Whenever considering what makes up a communications system, one must first look at the big picture before it’s possible to zoom in on the individual components. The primary purpose of a communication system is to transmit information from a source to a destination. This is accomplished by using some form of transmission, some type of transmitting medium, and some type of receiving system.
In the case of standard computer networking, it is easiest to consider the source as some application being run by the user. This application encrypts the data into whatever form is appropriate, deconstructs the message into packets and frames, and then transmits the information as binary pulses of electricity or light. Another computer will receive the binary pulses and reconstruct the original message.
Similarly, radio communication systems work in the same way. A message is recorded, modulated, transmitted, demodulated, and then reconstructed to play to the listener.
In order for this article to make sense, we must first understand the most powerful tool in our toolbox: The Fourier Transform.
By utilizing the Fourier transform, we are able to deconstruct signals into their individual frequency components. Similarly, by using Fourier coefficient analysis, it is possible to reconstruct any message as a sum of sinusoidal waves.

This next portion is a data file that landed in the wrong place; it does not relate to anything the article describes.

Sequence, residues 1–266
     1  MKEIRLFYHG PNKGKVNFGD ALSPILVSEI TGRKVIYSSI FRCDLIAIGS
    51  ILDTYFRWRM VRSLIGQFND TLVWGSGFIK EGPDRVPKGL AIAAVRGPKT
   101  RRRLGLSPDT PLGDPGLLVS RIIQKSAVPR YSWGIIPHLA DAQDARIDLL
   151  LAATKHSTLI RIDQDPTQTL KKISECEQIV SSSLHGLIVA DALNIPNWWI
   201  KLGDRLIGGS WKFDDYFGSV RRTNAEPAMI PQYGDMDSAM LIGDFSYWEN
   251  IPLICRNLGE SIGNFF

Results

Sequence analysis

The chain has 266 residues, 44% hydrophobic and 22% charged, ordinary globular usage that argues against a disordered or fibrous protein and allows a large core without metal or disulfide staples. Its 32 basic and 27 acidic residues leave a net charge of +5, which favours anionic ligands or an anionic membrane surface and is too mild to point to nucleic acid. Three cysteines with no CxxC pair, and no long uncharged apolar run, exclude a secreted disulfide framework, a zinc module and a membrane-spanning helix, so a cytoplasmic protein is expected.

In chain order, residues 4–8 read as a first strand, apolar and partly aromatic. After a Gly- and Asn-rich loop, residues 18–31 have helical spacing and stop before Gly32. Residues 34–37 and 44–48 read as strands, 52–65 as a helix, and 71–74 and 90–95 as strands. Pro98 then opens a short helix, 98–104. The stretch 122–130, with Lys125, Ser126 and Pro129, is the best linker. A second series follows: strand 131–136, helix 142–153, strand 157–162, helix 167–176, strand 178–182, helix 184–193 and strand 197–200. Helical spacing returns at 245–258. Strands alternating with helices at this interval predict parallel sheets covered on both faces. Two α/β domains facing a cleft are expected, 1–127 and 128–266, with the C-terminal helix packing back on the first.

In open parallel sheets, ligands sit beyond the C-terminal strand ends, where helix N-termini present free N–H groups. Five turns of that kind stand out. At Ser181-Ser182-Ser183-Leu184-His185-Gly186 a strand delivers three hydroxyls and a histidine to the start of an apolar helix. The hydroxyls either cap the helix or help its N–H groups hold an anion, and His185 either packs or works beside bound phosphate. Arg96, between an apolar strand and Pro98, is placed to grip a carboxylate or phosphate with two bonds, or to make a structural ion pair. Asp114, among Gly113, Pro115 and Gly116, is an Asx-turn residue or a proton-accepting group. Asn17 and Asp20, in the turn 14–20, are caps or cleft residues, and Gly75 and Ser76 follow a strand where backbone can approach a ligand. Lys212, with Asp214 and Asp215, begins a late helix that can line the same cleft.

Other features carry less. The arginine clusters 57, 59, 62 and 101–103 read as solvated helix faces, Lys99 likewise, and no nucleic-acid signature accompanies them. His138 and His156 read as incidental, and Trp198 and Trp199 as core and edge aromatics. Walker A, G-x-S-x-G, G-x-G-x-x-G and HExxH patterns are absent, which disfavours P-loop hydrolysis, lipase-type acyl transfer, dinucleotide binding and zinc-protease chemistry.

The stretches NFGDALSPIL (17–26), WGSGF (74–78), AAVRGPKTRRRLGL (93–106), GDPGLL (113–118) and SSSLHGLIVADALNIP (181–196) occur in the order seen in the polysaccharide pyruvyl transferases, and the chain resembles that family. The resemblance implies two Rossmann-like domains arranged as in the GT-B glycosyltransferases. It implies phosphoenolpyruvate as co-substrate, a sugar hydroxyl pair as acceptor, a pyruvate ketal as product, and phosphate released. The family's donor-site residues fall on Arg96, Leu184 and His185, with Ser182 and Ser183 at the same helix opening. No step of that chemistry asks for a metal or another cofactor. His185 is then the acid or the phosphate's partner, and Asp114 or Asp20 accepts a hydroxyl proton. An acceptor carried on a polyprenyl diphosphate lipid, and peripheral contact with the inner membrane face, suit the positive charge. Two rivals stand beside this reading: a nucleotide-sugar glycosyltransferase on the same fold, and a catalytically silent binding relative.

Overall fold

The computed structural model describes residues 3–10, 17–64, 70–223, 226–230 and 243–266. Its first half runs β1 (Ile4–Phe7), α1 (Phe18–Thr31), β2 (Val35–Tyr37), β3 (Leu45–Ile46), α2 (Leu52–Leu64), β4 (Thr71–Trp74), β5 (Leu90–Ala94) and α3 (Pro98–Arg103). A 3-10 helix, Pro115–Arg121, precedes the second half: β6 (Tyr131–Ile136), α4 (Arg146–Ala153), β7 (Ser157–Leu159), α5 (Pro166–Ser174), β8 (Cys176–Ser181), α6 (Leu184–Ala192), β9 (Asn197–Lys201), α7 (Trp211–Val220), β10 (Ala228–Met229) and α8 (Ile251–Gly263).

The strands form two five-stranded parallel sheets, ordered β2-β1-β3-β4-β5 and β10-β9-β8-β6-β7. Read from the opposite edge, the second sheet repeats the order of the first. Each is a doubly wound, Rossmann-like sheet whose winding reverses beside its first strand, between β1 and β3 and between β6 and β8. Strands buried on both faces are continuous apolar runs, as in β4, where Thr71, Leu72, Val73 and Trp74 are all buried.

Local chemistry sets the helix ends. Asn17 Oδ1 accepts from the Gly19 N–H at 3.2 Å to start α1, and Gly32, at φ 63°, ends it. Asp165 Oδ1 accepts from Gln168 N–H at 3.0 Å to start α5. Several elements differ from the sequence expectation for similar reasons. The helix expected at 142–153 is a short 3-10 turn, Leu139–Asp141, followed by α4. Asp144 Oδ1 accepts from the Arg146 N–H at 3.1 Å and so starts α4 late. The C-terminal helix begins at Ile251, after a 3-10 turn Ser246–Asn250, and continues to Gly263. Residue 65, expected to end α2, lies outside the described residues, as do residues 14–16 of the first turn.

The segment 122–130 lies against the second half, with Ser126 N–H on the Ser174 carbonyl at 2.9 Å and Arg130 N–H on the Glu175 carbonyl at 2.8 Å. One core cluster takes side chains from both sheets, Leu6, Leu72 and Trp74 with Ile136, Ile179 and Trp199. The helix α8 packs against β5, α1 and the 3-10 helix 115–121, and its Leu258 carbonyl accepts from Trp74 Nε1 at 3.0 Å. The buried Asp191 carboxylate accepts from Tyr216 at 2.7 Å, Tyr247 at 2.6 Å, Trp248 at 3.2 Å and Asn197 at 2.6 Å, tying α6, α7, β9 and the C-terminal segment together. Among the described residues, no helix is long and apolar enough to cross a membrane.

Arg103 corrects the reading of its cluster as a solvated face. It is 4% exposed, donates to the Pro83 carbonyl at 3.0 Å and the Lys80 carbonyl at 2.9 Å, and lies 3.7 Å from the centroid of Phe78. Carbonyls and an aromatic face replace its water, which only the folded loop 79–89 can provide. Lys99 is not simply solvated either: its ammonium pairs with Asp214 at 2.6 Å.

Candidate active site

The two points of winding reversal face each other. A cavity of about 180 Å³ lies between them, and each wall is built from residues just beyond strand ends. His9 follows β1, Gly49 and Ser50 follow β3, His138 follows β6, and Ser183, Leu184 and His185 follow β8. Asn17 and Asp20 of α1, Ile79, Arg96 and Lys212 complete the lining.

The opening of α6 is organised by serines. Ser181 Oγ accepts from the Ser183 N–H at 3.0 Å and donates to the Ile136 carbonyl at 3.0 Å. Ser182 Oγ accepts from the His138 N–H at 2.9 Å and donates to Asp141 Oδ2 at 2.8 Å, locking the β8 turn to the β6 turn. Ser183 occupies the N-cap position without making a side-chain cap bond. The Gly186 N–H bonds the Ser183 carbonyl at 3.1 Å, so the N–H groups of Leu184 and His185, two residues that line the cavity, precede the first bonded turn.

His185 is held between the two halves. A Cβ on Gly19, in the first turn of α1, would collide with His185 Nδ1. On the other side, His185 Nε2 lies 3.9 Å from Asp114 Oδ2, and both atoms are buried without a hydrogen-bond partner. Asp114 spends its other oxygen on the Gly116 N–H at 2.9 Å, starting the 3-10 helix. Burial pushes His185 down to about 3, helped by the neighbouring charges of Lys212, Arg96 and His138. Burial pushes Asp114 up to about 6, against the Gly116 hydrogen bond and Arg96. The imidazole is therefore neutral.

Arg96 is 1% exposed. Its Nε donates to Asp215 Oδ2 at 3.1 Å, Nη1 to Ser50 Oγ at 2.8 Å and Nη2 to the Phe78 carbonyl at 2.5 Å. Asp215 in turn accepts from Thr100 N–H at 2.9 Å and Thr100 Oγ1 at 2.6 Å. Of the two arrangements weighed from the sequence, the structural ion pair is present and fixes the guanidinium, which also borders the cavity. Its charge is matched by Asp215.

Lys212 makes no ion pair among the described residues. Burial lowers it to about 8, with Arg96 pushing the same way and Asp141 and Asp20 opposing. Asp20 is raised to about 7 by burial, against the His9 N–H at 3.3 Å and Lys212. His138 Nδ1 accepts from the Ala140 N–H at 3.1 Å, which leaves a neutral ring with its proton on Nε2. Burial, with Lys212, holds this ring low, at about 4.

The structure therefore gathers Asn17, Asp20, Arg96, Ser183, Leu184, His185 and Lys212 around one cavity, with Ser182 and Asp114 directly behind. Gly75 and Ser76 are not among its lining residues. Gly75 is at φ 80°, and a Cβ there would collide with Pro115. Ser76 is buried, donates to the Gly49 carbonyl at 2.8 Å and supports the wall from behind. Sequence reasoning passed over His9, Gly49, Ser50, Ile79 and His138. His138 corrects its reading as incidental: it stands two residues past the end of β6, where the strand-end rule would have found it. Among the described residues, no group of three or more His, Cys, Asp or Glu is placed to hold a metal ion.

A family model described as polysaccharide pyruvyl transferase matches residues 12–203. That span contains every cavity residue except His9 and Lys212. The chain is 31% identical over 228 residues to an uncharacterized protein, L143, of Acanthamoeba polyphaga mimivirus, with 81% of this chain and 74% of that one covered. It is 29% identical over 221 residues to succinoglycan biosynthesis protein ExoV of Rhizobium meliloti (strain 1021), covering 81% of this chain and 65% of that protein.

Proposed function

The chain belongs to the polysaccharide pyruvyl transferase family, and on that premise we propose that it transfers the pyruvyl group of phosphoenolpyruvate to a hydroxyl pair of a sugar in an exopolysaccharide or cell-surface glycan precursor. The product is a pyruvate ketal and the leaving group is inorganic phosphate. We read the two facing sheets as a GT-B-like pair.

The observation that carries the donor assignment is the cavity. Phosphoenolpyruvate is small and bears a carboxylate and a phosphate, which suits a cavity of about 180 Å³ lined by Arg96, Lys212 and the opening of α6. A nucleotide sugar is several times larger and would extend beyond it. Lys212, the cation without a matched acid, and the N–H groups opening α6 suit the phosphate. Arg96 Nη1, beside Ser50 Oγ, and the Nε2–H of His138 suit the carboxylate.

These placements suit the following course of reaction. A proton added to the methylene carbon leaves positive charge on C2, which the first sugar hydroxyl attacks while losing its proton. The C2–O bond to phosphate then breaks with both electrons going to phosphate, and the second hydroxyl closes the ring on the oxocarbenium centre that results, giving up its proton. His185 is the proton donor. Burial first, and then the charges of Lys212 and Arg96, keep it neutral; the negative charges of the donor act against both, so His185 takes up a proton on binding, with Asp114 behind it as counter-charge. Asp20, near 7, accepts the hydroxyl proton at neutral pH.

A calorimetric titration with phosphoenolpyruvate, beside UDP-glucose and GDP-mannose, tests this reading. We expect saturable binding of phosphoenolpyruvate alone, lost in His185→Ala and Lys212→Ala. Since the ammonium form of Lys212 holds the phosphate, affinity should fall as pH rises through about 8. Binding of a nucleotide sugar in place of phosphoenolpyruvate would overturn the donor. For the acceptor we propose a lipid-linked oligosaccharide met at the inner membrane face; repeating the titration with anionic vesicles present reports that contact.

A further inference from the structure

What is a frequency component?
Consider a simple 60 Hz pure sine wave that is hypothetically coming from your wall outlet. This signal is around 170 Volts in amplitude from peak to trough. It averages at around 120 Volts using the Root Mean Square method of determination. By using the Root Mean Square method, we get a much better idea of the value of a signal since the average value of any pure sinusoid is simply zero.
Going back to our pure sinusoid, we can perform a Fourier transform of this signal. We can either use the integral method or simply look up the result in a Fourier transform table. Regardless of the method, the result will be two Dirac-delta impulses of half of our original amplitude with one sitting at positive 60Hz and one sitting at negative 60Hz.
What does this tell us? Well, nothing that we shouldn’t have expected. If our sinusoid is perfect, we’ll see nothing but the two impulses at the correct frequencies. However, if our 60Hz sinusoid is actually somewhat modulated by another signal, we’ll see harmonics develop further out.
Our next article will look at some basic power conversion methods and how harmonics can come into play. After that, we’ll look at modulation schemes, multiplexing methods, and the associated distortion that sometimes happens.